GreeneRob wrote:Probably too wet from last night?
We got a lot of rain in the area so yeah, I'd give it a day or two to dry out.
Michigan Mountain Biking Association
desk_jockey wrote:vette-ss wrote:Trail was great and ditto the pine mentioned above. Also keep an eye out around the 12-1/2 mile parking spot. Wife and I finished late under the lights; when we got back to the car she asked me if I had the keys because it looked like someone had popped our gas door open searching.....sometimes I put them there. I'm fairly certain our car was about 5 gallons lighter on fuel than when we parked as we had just filled it up. If you see someone walking in the area with a gas can give them the finger for me. Hopefully a fellow biker wouldn't do something like this....
This is scary because I always park at 12.5 mile and leave my keys in the gas cap. Dang.
GHamilton wrote:Rode yesterday and noticed some shortcuts being used to avoid some turns. What's the rule of thumb for this? Should the reroutes be blocked?
Dirtdevil wrote:Widow-maker on lost loop just after you take the sharp left next to the creek. Sneaks up on you so heads-up!
On a side note, a friend we were riding with tonight crashed & broke her ankle-not far after the first bridge crossing when you finish the expert loop. EMS was called, but it took them a very long time to get to her in the woods, even though we were biking in front of them & leading the way. Problem was that all they had was a full-sized pick-up truck & they had difficulty navigating through some of the tight areas of the trail. I was rather shocked that they didn't have a 4-wheeler that they could drive back there in order to expedite the rescue. She had to be carried out on a backboard, the endure the slow roll back through the woods in the pick-up. Thank God for good drugs. Not only was it difficult to drive the truck through the woods, there wasn't any directional (think GPS) markers that could help them locate her. Thankfully we were group riding so we had enough folks to stay with her & a couple to meet the EMS folks. It was evident that while waiting for the rescue she was starting to go into shock. Shock kills. I'd hate to think of what would happen if someone had a heart-attack or stroke while out enjoying the trail-when time is of the essence. When we mentioned this to the EMS personnel, they said that the fire chief isn't aware of how heavily used the trail system is. I find this hard to believe, especially given the MMBA's relationship with the city as well as all of the other rescues that I know have happened on the trail.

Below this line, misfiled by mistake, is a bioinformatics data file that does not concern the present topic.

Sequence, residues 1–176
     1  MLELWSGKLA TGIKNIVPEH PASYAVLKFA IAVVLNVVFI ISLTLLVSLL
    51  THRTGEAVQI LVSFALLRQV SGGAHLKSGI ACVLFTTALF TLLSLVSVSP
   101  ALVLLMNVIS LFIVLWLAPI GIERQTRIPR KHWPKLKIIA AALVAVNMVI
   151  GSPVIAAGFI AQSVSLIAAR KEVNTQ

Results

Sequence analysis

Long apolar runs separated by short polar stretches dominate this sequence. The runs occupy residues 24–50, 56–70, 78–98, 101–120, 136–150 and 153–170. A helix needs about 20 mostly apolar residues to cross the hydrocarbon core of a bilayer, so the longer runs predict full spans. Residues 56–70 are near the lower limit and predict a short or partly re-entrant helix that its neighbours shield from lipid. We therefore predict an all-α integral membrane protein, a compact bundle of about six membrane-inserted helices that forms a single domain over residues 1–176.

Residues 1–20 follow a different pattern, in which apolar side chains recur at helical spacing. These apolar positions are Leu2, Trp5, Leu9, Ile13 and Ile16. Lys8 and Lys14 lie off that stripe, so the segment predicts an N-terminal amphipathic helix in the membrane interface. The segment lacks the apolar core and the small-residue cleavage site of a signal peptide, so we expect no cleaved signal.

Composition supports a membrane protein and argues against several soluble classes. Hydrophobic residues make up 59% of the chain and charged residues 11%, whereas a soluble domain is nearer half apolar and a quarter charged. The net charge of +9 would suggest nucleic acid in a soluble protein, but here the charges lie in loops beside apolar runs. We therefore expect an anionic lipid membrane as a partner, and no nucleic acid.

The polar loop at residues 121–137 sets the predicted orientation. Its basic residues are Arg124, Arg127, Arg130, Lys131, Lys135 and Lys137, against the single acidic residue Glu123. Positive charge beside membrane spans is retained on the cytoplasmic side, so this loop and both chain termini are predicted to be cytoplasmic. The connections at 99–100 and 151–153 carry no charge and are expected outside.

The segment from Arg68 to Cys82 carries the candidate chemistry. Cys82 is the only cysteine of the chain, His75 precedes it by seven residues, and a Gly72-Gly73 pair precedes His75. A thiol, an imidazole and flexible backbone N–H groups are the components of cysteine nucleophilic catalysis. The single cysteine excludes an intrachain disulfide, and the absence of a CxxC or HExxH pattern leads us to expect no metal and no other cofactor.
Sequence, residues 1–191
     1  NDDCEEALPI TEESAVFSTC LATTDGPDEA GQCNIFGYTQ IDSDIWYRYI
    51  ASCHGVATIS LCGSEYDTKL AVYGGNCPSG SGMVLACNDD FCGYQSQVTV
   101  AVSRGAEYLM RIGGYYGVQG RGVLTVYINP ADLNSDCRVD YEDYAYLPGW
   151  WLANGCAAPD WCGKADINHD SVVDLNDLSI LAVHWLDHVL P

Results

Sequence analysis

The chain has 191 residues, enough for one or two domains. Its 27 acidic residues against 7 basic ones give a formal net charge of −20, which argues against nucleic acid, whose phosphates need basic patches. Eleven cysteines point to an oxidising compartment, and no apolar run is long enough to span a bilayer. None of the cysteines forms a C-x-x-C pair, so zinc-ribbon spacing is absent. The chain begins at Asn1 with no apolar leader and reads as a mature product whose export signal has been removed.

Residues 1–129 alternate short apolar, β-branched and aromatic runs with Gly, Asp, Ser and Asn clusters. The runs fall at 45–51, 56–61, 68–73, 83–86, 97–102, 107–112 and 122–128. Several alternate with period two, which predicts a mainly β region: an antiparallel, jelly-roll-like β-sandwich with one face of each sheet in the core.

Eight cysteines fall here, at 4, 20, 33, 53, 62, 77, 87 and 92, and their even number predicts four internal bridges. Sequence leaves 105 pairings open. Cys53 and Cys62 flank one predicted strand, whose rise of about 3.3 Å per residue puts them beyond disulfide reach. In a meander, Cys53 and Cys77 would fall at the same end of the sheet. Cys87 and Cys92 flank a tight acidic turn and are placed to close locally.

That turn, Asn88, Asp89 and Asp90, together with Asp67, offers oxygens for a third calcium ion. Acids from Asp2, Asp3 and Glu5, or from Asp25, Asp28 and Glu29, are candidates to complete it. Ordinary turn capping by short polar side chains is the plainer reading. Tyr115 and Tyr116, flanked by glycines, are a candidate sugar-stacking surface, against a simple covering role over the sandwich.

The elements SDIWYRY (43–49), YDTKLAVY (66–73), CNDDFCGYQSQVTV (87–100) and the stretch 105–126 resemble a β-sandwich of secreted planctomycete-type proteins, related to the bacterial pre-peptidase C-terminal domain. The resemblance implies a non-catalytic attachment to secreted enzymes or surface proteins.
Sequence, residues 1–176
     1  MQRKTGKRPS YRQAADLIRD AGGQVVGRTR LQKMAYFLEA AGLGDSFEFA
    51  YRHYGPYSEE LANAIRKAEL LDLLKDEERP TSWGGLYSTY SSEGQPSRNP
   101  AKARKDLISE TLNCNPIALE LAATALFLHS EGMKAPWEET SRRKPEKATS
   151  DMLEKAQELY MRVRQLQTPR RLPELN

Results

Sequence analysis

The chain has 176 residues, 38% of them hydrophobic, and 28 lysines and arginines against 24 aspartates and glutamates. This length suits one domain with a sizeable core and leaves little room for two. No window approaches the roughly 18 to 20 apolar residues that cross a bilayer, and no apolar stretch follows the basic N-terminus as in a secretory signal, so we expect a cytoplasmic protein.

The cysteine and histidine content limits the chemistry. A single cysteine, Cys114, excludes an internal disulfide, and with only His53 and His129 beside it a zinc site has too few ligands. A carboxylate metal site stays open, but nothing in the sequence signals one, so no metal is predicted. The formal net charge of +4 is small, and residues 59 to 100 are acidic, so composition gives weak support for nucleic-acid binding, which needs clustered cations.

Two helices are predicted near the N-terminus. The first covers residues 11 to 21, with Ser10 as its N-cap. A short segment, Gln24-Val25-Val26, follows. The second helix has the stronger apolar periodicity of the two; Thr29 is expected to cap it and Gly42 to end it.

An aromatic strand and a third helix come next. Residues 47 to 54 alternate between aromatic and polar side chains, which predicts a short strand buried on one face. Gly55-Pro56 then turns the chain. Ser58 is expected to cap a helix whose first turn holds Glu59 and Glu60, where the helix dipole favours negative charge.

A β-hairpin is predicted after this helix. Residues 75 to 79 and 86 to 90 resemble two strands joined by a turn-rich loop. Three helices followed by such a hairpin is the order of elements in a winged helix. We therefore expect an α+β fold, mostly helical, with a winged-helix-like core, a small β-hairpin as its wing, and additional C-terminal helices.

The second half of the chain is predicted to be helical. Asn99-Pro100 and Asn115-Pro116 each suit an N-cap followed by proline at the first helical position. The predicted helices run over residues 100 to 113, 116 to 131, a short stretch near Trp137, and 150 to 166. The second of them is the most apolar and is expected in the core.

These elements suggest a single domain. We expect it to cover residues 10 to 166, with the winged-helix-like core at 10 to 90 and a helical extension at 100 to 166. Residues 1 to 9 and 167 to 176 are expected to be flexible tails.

FlintMITropics wrote:That's horrible to hear the story about the girl. Really glad to hear she's alright. I don't know about any of you, but I carry a few things with me when I ride in case of emergencies. Besides a tube and tire irons, I carry a few things you might find useful, listed below.
-I carry a small whistle that I can blow on in case I get hurt and can't move. The whistle will travel much further through the woods and use less energy than yelling for help.
-I have a paracord bracelet on my frame and a multi tool also, in case I might need to splint something or make a sling for someone, or myself.
-I put my drivers license and insurance card in my saddle bag as well. In case I get knocked out and someone finds me, they'll be able to tell who I am.
-Last, I don't keep a password on my phone so if someone finds me they'll be able to access my emergency contacts and the GPS on my maps app or Strava.
I'd love to hear whatever you all keep on you in case of emergencies as well.
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